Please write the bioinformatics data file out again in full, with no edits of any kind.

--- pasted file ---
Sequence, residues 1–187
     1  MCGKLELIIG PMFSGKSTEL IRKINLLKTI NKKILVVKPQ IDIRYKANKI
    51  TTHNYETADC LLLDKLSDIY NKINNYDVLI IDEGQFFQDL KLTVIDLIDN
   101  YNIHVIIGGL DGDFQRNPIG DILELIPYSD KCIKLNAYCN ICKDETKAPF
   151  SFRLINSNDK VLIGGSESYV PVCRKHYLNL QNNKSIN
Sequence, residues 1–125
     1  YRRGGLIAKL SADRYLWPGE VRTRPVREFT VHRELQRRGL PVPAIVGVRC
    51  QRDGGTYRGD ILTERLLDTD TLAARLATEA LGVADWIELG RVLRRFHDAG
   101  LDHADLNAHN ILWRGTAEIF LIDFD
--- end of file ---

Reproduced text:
Sequence, residues 1–187
     1  MCGKLELIIG PMFSGKSTEL IRKINLLKTI NKKILVVKPQ IDIRYKANKI
    51  TTHNYETADC LLLDKLSDIY NKINNYDVLI IDEGQFFQDL KLTVIDLIDN
   101  YNIHVIIGGL DGDFQRNPIG DILELIPYSD KCIKLNAYCN ICKDETKAPF
   151  SFRLINSNDK VLIGGSESYV PVCRKHYLNL QNNKSIN
Sequence, residues 1–125
     1  YRRGGLIAKL SADRYLWPGE VRTRPVREFT VHRELQRRGL PVPAIVGVRC
    51  QRDGGTYRGD ILTERLLDTD TLAARLATEA LGVADWIELG RVLRRFHDAG
   101  LDHADLNAHN ILWRGTAEIF LIDFD